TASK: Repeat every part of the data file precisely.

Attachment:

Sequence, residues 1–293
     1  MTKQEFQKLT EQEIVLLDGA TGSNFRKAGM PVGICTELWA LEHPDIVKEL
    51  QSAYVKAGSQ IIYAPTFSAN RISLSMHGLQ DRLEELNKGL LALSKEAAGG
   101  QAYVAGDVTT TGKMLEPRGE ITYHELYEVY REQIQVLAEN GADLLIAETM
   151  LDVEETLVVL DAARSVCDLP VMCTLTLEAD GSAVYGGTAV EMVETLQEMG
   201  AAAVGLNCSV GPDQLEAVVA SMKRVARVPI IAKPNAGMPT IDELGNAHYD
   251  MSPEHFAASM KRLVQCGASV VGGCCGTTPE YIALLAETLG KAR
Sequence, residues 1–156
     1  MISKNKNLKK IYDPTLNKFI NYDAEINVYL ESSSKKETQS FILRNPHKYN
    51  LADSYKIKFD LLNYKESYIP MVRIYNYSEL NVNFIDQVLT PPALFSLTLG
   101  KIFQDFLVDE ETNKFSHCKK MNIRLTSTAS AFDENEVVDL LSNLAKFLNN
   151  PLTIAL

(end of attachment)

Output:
Sequence, residues 1–293
     1  MTKQEFQKLT EQEIVLLDGA TGSNFRKAGM PVGICTELWA LEHPDIVKEL
    51  QSAYVKAGSQ IIYAPTFSAN RISLSMHGLQ DRLEELNKGL LALSKEAAGG
   101  QAYVAGDVTT TGKMLEPRGE ITYHELYEVY REQIQVLAEN GADLLIAETM
   151  LDVEETLVVL DAARSVCDLP VMCTLTLEAD GSAVYGGTAV EMVETLQEMG
   201  AAAVGLNCSV GPDQLEAVVA SMKRVARVPI IAKPNAGMPT IDELGNAHYD
   251  MSPEHFAASM KRLVQCGASV VGGCCGTTPE YIALLAETLG KAR
Sequence, residues 1–156
     1  MISKNKNLKK IYDPTLNKFI NYDAEINVYL ESSSKKETQS FILRNPHKYN
    51  LADSYKIKFD LLNYKESYIP MVRIYNYSEL NVNFIDQVLT PPALFSLTLG
   101  KIFQDFLVDE ETNKFSHCKK MNIRLTSTAS AFDENEVVDL LSNLAKFLNN
   151  PLTIAL